The Galleria dell’Accademia is one of the most popular museums in Florence, mostly thanks to Michelangelo’s David statue. The museum also houses other artwork, including statues, religious paintings and musical instruments.
Cosimo I de’ Medici, grand duke of Tuscany, founded Europe’s first art academy in 1563. Michelangelo Buonarroti was one of the first teachers in the academy, which was called Accademia delle Arti del Disegno. In 1784, it became part of a new institution, the Accademia di Belle Arti (Academy of Fine Arts), founded by the then grand duke of Tuscany, Peter Leopold. Leopold also founded the Galleria dell’Accademia, a museum located adjacent to the academy. The purpose of the museum was to provide the students with examples of historic artwork as study material.
The most important masterpiece in the Galleria dell’Accademia is Michelangelo’s statue of David, possibly the world’s most famous statue. The statue, 5 m 17 cm tall (about 17 ft.), was commissioned by the Florentine republic, who saw the biblical hero slaying the giant Goliath as a symbol for the creation of the nascent republic.
The statue was installed in front of the Palazzo Vecchio, but in 1873 it was replaced by a replica and moved to the Galleria dell’Accademia to protect it from the elements. Another replica can be found at the center of the Piazzale Michelangelo.
The statue, which was created by Michelangelo in 1501-1504 from a single block of marble, was instantly admired for its proportions and attention to detail. Michelangelo chose to depict David as an adolescent instead of a young boy, as was customary. The statue brought instant fame to the twenty-nine-year-old Michelangelo.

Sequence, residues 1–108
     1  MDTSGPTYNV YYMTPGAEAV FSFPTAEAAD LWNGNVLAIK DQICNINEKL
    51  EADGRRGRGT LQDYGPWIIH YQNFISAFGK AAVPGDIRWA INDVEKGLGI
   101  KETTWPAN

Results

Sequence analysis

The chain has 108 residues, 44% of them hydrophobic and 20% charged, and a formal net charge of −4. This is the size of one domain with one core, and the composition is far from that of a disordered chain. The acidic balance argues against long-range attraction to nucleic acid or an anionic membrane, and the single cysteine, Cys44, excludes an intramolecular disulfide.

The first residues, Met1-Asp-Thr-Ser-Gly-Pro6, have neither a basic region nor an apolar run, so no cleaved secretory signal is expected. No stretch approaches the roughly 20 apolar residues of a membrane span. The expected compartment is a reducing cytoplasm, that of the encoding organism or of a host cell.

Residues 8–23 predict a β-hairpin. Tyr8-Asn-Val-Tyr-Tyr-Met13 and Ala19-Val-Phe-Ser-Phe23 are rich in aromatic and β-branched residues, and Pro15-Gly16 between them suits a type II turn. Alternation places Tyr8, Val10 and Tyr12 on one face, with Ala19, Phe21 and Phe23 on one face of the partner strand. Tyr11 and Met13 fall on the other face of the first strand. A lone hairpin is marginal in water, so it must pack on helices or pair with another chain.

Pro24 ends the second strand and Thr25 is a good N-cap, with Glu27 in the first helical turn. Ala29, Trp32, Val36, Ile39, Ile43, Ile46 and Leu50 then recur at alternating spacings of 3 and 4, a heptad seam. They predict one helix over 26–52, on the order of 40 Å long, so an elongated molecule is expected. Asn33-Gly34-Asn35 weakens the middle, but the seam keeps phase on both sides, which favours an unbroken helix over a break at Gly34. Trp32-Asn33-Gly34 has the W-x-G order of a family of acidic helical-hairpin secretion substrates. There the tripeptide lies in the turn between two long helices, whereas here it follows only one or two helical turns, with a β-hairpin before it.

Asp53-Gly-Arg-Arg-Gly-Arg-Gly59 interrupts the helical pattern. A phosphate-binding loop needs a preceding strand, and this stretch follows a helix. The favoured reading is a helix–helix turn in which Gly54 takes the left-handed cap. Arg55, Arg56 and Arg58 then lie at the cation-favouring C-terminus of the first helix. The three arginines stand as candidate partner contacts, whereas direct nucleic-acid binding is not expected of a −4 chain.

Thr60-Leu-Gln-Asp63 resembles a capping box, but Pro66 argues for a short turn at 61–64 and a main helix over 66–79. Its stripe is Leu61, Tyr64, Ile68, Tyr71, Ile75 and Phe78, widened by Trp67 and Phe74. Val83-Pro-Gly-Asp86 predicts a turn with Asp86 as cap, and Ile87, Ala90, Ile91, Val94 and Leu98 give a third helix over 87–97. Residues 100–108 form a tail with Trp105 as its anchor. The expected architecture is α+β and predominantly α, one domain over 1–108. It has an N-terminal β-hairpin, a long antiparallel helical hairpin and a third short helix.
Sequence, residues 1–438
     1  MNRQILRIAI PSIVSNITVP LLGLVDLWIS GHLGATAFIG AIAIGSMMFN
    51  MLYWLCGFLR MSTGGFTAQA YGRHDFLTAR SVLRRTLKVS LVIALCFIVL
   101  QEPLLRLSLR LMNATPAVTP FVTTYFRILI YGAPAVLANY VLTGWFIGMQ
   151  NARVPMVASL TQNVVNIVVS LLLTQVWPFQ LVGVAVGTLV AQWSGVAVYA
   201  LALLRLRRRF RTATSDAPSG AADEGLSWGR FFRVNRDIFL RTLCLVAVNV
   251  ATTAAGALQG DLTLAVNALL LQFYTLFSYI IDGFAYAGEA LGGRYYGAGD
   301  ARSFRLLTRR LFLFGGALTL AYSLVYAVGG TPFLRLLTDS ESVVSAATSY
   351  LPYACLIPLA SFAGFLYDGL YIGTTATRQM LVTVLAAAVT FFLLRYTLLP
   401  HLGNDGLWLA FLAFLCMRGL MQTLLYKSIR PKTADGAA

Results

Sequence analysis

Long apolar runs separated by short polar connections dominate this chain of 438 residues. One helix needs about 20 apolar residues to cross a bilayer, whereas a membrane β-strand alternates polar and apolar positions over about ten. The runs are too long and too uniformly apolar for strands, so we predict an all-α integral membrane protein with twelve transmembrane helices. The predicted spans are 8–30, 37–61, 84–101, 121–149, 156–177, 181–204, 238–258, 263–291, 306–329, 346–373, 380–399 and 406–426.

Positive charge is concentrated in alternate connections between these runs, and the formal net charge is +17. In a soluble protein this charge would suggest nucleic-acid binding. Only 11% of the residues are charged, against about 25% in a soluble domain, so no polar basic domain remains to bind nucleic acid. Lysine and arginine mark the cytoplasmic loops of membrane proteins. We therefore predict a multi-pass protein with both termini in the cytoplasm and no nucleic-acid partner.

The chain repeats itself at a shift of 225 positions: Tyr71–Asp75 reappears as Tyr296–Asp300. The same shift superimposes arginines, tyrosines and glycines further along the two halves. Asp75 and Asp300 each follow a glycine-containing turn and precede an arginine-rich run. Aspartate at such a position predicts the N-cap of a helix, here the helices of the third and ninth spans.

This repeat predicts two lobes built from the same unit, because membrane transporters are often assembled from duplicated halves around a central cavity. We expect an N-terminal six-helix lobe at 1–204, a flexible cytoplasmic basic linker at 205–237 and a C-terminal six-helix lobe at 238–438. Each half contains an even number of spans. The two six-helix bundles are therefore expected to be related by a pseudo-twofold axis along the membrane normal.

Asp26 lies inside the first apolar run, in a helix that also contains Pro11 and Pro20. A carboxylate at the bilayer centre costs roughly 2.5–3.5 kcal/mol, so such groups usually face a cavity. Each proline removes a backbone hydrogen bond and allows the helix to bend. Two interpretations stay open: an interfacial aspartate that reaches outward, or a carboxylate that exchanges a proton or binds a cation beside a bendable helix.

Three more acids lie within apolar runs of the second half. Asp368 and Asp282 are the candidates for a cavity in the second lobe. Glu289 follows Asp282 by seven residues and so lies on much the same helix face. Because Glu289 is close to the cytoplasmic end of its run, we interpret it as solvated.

Another famous work by Michelangelo in the Galleria is the group of four unfinished marble statues of slaves. They were created between 1521 and 1523 as part of a monumental tomb for pope Julius II which was later scaled down in size. The statues seem to try and extricate themselves from the marble block. In 1585 the statues were placed in the Grotta Grande in the Boboli Garden, now replaced by replicas.
Surrounding the David are a number of statues by other artists and a nearby room, the Salone del Ottocento, is crammed with statuary. The museum has more than just statues; on the second floor is an impressive collection of religious paintings from the thirteenth through the sixteenth centuries. And the museum also houses a collection of musical instruments, owned by the adjacent Conservatory of Music, formerly part of the Academy.